Vegetation community response to tidal marsh restoration of a large river estuary

Northwest Science
By: , and 



Estuaries are biologically productive and diverse ecosystems that provide ecosystem services including protection of inland areas from flooding, filtering freshwater outflows, and providing habitats for fish and wildlife. Alteration of historic habitats, including diking for agriculture, has decreased the function of many estuarine systems, and recent conservation efforts have been directed at restoring these degraded areas to reestablish their natural resource function. The Nisqually Delta in southern Puget Sound is an estuary that has been highly modified by restricting tidal flow, and recent restoration of the delta contributed to one of the largest tidal salt marsh restorations in the Pacific Northwest. We correlated the response of nine major tidal marsh species to salinities at different elevation zones. Our results indicated that wetland species richness was not related to soil pore-water salinity (R2 = 0.03), but were stratified into different elevation zones (R2 = 0.47). Thus, restoration that fosters a wide range of elevations will provide the most diverse plant habitat, and potentially, the greatest resilience to environmental change.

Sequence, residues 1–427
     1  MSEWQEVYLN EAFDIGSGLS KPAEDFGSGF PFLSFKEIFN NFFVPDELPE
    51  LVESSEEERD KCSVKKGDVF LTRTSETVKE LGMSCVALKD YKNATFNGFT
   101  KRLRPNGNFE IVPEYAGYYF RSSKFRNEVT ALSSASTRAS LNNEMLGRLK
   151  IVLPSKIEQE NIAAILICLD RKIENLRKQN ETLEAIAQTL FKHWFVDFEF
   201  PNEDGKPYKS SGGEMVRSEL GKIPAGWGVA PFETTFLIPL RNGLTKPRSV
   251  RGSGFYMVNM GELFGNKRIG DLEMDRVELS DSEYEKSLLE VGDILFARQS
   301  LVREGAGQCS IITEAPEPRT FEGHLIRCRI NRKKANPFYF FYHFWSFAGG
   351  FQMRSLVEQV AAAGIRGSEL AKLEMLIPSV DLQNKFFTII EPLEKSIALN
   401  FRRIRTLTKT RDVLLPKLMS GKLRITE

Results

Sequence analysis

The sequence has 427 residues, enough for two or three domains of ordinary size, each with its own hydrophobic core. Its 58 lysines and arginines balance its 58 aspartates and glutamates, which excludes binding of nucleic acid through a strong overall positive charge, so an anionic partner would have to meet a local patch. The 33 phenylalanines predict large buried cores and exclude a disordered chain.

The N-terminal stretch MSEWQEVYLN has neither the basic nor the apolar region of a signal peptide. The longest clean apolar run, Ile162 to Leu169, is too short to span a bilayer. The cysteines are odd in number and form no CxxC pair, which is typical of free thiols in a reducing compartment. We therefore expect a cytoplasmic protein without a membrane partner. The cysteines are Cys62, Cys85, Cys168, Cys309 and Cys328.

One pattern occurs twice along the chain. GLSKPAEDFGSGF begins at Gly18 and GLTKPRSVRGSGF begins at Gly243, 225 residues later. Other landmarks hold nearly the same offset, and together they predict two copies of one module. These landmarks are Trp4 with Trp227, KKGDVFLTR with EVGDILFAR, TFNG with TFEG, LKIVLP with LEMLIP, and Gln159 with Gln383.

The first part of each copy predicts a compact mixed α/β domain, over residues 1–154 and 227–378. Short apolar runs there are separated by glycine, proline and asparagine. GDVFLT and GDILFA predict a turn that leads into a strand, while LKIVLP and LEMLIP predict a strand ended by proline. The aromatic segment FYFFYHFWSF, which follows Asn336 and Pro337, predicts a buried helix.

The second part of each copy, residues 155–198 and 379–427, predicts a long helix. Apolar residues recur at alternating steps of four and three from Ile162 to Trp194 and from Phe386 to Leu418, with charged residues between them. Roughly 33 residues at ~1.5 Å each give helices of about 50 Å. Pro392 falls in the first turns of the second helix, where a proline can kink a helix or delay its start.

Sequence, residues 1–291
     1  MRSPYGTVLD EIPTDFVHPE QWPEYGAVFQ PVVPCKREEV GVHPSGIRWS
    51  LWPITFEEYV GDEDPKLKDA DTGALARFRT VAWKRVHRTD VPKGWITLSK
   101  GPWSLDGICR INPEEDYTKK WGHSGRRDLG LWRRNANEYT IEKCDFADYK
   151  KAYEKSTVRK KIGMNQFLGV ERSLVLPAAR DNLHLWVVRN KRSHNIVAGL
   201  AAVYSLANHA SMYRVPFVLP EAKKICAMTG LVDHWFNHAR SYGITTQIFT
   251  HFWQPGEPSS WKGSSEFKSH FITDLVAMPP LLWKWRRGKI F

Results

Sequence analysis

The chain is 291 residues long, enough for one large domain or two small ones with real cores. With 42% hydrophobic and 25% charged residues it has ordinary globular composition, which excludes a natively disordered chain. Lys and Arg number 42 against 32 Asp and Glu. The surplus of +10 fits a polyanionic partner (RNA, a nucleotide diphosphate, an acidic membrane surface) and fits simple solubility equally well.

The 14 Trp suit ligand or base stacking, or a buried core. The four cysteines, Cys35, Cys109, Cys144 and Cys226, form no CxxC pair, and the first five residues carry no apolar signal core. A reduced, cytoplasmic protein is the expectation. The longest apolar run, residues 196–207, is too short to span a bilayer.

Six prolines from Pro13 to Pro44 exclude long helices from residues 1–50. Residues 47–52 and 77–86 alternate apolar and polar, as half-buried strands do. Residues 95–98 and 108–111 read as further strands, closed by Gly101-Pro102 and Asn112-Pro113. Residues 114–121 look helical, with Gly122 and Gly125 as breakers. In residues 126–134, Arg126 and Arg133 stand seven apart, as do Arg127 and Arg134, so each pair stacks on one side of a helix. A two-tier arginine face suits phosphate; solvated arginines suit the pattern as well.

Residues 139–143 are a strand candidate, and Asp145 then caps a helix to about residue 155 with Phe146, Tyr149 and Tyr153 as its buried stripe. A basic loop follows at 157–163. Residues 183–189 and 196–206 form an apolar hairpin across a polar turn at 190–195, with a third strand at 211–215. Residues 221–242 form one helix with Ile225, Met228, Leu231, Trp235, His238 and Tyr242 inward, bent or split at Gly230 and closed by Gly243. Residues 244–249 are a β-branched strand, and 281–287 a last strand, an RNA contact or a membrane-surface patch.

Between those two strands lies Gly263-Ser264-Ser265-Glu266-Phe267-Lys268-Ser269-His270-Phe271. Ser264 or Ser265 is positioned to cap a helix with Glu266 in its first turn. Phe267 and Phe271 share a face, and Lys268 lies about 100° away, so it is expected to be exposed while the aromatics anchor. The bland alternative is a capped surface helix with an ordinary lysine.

Study Area

Publication type Article
Publication Subtype Journal Article
Title Vegetation community response to tidal marsh restoration of a large river estuary
Series title Northwest Science
DOI 10.3955/046.089.0205
Volume 89
Issue 2
Year Published 2015
Language English
Publisher Northwest Scientific Association
Contributing office(s) Western Ecological Research Center
Description 12 p.
First page 136
Last page 147
Country United States
State Washington
Other Geospatial Nisqually Delta, Puget Sound
Online Only (Y/N) N
Additional Online Files (Y/N) N
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